Jack: Your current lifestyle - where do you live? Day to day what do you do? Work/study? How does it all fit together?
Alex: For a year now I have lived in the back of my van; I love waking up in the morning and seeing mountains and enjoying a climber's dirtbag life! I check the weather forecast; make plans where to climb, meet new people and just climb as much as I can. Back from the mountains I teach climbing courses for a mountain school in the Frankenjura. Then I share a tiny room in Bayreuth with my boyfriend Chrissi, 400m of rope plus 90m of static line, 20kg of gear, crampons, ice axes, 8 skis, boots, guitar, ukulele and a nose whistle - always ready to fly the nest! I worked as a scientist in physical chemistry at the university and graduated as Dr.rer.nat. At the moment it is fairly hard to combine these two passions: climbing and science as they are both incredibly time consuming.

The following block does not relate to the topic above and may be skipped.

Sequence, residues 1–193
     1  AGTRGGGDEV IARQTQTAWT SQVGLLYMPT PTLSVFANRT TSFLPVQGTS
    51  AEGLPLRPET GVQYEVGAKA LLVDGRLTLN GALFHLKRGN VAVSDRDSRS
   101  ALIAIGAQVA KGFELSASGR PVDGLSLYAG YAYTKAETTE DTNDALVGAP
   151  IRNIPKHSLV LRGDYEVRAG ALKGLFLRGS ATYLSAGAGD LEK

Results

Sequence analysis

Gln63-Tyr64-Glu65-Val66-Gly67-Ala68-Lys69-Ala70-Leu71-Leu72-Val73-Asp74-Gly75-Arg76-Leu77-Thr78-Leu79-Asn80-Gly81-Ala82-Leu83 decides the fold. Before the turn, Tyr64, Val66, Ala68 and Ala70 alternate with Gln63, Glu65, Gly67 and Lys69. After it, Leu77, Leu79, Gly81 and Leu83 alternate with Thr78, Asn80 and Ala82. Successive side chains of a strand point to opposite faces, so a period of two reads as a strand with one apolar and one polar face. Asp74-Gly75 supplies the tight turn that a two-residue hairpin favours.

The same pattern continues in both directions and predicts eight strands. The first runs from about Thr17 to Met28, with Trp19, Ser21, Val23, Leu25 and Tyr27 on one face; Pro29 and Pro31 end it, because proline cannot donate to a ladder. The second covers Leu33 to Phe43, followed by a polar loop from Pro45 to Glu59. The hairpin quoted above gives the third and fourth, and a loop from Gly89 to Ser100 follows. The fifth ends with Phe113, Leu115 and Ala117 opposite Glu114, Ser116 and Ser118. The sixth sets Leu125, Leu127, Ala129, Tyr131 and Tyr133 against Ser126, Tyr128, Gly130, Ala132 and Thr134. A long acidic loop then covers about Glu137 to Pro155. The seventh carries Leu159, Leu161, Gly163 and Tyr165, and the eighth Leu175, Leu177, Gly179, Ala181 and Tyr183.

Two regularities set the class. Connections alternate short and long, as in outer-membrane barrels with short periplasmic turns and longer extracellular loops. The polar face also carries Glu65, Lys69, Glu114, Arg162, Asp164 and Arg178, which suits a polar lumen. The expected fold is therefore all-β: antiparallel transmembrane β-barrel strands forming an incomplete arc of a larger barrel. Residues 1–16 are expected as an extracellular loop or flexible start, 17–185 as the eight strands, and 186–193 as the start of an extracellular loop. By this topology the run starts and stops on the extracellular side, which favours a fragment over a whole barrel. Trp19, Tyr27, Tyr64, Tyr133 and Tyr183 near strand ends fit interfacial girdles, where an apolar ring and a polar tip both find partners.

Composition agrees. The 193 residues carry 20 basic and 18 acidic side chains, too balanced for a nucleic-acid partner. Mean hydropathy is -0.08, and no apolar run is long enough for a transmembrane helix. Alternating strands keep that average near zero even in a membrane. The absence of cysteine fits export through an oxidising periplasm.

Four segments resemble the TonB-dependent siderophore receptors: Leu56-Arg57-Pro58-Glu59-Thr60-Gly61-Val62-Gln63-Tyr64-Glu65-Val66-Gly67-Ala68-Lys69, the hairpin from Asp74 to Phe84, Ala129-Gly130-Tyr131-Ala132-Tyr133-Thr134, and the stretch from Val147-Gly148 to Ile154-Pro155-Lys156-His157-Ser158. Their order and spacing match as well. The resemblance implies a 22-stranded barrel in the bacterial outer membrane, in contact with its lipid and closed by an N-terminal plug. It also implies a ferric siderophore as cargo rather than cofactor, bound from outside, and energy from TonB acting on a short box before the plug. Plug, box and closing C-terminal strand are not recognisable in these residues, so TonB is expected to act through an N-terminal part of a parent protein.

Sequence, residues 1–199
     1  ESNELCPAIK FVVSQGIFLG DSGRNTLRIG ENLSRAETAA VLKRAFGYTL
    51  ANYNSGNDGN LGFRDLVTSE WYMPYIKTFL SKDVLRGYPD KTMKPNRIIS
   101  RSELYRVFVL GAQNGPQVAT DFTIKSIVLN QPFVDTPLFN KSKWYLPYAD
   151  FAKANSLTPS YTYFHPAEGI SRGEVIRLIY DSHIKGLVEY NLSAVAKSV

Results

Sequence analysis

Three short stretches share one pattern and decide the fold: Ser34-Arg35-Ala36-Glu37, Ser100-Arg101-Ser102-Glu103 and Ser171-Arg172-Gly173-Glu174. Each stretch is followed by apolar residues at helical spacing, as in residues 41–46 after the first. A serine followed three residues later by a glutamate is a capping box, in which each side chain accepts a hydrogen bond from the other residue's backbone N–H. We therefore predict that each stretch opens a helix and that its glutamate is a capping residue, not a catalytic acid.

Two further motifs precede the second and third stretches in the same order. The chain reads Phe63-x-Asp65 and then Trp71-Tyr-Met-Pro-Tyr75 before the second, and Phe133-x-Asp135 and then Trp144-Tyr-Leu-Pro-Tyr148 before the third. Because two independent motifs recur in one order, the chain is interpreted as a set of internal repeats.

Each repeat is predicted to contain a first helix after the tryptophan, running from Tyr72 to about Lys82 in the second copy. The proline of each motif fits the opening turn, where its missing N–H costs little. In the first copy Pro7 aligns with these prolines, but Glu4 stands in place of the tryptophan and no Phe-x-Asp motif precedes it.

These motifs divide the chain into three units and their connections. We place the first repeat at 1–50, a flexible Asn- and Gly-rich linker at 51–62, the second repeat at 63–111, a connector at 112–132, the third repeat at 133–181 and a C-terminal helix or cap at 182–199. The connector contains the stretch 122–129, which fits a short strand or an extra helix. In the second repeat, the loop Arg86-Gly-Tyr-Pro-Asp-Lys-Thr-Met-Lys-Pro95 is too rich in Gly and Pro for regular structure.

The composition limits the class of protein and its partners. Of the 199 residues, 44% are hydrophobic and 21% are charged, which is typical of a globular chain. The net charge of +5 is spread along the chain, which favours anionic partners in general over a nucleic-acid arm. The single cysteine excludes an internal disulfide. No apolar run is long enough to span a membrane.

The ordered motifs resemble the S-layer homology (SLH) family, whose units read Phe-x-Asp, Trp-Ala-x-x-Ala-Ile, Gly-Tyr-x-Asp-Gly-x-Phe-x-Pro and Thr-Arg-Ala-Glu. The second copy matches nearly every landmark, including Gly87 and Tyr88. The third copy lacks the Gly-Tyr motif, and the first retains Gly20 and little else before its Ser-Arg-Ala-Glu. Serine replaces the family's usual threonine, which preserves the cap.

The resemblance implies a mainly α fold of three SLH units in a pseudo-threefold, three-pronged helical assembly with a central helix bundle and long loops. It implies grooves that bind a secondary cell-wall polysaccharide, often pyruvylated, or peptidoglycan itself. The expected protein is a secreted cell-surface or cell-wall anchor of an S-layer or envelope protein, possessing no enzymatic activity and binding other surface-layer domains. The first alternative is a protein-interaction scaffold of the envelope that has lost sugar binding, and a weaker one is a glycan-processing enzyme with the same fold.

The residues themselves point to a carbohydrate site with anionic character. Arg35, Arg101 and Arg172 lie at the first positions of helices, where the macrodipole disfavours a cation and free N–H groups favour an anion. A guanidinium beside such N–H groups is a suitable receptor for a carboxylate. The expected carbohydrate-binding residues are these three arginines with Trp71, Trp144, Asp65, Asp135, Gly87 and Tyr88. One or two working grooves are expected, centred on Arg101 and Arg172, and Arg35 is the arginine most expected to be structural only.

Jack: Who have you met in your life that has inspired you and in what way? Both climbing and non-climbing?
Alex: Santa Claus: He is really good at chimneys and hauling big bags. (Excellent quote from Nico Favresse)
Jack: What is the hardest challenge you have met in your life so far?
Alex: Climbing my first 8b+ and having my final PhD exam within one week of each other in 2011 was really challenging! I can't remember which was more difficult...
Jack: If you had advice for climbers out there who want to push themselves - what would you say to them?
Alex: If you want to climb hard routes you have to push yourself into the right mental state. Be calm but excited, think positive and confident. Think "I can do it, I want it!" instead of "I am not good enough, what if...?" Geklettert werden muss, was geklettert warden kann!
Jack: Finally, and perhaps most importantly, what is your favorite type of cake?
Alex: Streuselkuchen from my mum and Apfel-Weißwein Kuchen!
Jack: Thanks Alex - good luck for the summer!
In this new series of interviews, we whisk off some of Britain's best climbers to a lonely desert island (we might give them a... Read more